• dessert •
di-zêrt • Hear it!
Part of Speech: Noun
Meaning: 1. The final sweet course of a meal, (UK colloquial) afters, pudding. 2. (British) The final course of a meal served after afters (= dessert in Britain), usually fruit, nuts, or sweetmeats.
Notes: Here is a common word, interesting for its spelling, dialectal variation, and history. Look out for the double Ss in this word. It is pronounced the same as desert in 'just deserts', but not spelled the same. Dessert is a lexical orphan without derivational family.
In Play: All of us know already how to use today's Good Word: "Chocolate chipotle ice cream is my favorite dessert." Dessert is often used figuratively: "Amanda Lynn Player's concert was the dessert for a perfect evening."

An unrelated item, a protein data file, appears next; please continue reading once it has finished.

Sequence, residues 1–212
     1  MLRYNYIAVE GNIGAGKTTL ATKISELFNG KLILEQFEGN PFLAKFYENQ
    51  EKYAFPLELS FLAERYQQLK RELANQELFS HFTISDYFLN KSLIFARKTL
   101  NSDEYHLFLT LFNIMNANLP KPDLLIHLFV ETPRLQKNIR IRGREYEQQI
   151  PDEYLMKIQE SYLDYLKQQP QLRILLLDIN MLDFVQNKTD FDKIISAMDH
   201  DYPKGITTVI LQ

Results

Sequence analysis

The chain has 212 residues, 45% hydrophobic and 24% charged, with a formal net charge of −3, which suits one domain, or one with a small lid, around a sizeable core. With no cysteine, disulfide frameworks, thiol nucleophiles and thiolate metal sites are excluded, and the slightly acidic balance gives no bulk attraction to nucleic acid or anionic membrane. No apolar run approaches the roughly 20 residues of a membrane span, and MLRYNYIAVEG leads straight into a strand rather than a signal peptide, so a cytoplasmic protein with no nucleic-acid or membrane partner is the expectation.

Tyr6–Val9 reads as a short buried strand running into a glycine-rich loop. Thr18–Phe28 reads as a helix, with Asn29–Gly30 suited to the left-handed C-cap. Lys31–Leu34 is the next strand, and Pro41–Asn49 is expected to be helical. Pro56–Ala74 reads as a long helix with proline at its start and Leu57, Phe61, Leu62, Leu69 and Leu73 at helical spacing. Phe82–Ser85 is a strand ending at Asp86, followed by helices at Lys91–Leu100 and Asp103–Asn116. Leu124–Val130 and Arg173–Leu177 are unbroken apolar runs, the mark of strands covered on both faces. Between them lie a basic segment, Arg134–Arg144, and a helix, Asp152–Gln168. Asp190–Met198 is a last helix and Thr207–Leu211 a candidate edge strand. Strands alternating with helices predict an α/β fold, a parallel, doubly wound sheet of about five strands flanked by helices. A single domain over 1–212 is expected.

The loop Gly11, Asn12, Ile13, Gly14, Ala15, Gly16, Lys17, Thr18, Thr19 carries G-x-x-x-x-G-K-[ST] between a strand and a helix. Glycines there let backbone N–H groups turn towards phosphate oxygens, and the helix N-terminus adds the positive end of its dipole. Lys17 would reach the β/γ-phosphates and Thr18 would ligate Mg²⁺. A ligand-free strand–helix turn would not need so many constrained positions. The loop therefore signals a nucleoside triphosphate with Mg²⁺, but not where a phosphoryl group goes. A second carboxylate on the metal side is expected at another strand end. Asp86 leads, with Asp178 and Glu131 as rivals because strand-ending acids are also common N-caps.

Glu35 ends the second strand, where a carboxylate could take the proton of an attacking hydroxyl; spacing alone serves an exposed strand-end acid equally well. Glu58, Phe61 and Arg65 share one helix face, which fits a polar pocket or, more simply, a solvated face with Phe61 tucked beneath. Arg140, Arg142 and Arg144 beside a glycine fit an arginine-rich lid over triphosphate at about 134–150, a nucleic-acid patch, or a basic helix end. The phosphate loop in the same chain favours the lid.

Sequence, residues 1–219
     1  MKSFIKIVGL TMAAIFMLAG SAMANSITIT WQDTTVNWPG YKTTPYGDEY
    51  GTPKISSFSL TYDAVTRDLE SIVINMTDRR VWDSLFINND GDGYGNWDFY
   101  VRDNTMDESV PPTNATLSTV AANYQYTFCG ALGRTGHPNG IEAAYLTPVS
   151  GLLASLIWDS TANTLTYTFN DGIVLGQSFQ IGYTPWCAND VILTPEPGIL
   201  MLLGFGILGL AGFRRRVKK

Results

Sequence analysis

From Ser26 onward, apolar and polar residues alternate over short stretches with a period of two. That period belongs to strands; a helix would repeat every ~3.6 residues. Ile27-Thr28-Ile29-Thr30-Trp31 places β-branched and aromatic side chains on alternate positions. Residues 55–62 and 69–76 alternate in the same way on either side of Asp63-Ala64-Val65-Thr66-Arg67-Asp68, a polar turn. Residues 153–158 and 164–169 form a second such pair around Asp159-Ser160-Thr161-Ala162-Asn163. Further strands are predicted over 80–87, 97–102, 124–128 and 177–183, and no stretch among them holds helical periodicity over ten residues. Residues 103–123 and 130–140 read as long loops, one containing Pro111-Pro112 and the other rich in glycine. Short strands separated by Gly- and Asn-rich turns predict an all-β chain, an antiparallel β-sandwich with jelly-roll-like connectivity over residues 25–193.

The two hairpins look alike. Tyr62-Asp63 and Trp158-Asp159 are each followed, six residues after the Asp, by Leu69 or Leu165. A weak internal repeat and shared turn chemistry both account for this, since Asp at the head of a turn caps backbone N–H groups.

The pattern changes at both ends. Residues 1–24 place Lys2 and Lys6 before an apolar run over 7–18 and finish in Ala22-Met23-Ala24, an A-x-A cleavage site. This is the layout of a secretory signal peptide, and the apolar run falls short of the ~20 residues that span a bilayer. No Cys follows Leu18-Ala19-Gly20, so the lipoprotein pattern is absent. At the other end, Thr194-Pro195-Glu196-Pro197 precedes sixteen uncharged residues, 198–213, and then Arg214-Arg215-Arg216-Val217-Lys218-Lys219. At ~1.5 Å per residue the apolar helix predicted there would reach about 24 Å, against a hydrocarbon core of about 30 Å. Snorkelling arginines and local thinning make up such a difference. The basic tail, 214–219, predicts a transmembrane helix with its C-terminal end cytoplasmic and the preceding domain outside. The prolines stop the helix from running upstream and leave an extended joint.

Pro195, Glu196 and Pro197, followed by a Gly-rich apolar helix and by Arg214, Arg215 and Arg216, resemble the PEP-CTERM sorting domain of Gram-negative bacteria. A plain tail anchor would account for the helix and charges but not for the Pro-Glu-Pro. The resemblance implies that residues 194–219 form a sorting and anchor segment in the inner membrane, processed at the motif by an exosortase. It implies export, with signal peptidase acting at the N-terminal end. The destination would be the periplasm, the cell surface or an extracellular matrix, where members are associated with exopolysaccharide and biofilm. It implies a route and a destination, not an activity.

Word History: Here is another borrowing from French. It comes from Middle French dessert "last course" (current meaning "dessert"), a noun based on desservir "clear the table", literally the "un-serve", from des- "reverse, not" + servir "to serve". Originally, the word referred to the course served after the table was cleared. French inherited des- from Latin dis- "apart, asunder", which comes from Proto-Indo-European dwis- "apart, asunder". This word may have been related to duo and two. French servir comes from Latin servire "to serve, work as a slave" from servus "slave". English borrowed servir, too, for its serve. Latin inherited its word from Proto-Italic serwo- "shepherd", inherited from PIE seruo- "guardian", the source also of Avestan haraiti "heeds, protects". However, the trail ends here. (Tony Bowden of London recommended today's dessert of a Good Word.)
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